Buttons: A Cinderella Story – The King’s Head Theatre, London

Writer and Director: John Savournin

Music and Lyrics: David Eaton

Reviewer: Maryam Philpott

All little girls are told to dream of their Prince Charming, handsome, chivalrous and brave, destined to ride in one day and rescue us from sweeping fireplaces and making friends with woodland creatures. But as we grow up, and especially in the last year, we have realised that Prince Charming may not be the one after all, he’s arrogant, entitled and probably a sex pest… thankfully Charles Court Theatre’s latest pantomime is here to show us the man we really need is right under our noses.

Cinderella and her mum Betty live on a farm at the edge of the magical wood, with only her best friend the inanimate teddy bear Buttons for company. One day in the village, Cinderella’s head is turned by the dastardly Prince Charming who has a plan to lure the young innocent into a trap. With fairy-tale characters dying in mysterious circumstances, Buttons begs his Fairy Godfather to transform him into a real boy so he can save the woman he loves.

After last year’s riotous Egyptian panto, we’ve come to expect big things from Charles Court Opera and Buttons: A Cinderella Story easily lives-up to their reputation for bonkers Christmas fare with a cheeky side that would make Sid James blush. Creators John Savournin and David Eaton like to turn story conventions around and this Cinderella plot is no exception, making the Prince the baddie, refocusing it on an animated children’s toy and replacing the glass slipper with an incriminating lost button.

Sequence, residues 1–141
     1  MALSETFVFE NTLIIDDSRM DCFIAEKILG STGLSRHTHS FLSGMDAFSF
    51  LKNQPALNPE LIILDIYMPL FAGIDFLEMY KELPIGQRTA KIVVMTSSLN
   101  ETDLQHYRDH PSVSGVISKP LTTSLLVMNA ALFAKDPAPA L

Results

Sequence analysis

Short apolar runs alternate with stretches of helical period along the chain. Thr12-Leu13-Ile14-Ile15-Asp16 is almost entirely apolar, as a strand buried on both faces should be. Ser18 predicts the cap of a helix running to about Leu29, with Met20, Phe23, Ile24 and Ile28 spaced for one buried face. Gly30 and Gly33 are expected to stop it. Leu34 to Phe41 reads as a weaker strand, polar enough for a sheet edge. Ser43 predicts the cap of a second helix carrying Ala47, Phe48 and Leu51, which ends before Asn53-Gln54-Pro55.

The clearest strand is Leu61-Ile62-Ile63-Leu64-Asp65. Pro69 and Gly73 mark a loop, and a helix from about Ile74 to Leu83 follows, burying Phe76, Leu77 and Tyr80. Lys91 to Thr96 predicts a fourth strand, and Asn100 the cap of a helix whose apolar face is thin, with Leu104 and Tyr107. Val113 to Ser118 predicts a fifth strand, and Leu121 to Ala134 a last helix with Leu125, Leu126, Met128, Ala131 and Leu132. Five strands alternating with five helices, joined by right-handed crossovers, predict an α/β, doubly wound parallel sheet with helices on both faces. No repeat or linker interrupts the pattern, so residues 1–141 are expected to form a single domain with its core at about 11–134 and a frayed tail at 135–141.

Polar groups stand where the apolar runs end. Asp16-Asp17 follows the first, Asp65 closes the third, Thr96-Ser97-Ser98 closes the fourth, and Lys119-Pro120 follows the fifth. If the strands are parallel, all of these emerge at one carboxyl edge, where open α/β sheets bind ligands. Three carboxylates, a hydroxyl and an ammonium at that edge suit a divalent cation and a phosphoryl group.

It’s inventive stuff, using the original framework to weave something much more bizarre and up-to-date, a fairy story of the #MeToo generation with dirty jokes and lots of repurposed songs. You’ll easily recognise adaptations of All the Single Ladies turned into a cheeky baking song as Betty and Prince Charming fight it out before some audience members have to make an éclair and two profiteroles (which writes it own jokes), there’s also a very funny version of Suddenly as Buttons finally declares his love topped later by the angry Buttons now in teddy form performing the brilliant Creep.

Best of all is a ludicrously funny take on Bohemian Rhapsody in which our teddy hero is turned into a real boy by a mafioso Godfather puppet and some fairy assistants in shocking pink tutus. With more than a dozen songs, they don’t all work so well including an extended Thriller in the dark wood which masks a costume change, but the small cast give it their all for the full two hours.

Eleanor Sanderson-Nash is a sweet Cinderella, a stable presence amongst some big comic performances, not least Savournin’s pantomime dame Betty, a baker in a serious of fantastic outfits and wigs (designed by Mia Wallden) who lusts after the local policeman and never resists a cream joke. As ever in panto, the gender swaps extend to the male characters with Catrine Kirkman’s funny PC Pumpkin and Emily Cairns henchman-like Dandini.

But it’s Matthew Kellett as Buttons and Jennie Jacobs as Prince Charming who earn the biggest audience reactions. In his cute teddy bear outfit Kellett wins everyone over and, even as the amusingly misnamed “Buttocks,” is the real hero of the story, while Jacobs is a marvellous villain, deceiving Cinderella for dastardly purposes and relishing every minute of her role.

All the loose ends tie-up, although the murderous subplot could have a far greater purpose in the main story and seeing as Savournin and Eaton have introduced the idea a Christmas crime or two would add some extra pantomime danger to bulk-up the plot. Nonetheless, Buttons: A Cinderella Story gives a new twist to a well-worn story. Finding love with your own teddy bear may not be quite the happy ending we all dreamed of, but the world is decidedly lacking in Prince Charmings these days.

Runs until 5 January 2019 | Image: Bill Knight

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The Reviews Hub London is under the acting editorship of Richard Maguire. The Reviews Hub was set up in 2007. Our mission is to provide the most in-depth, nationwide arts coverage online.

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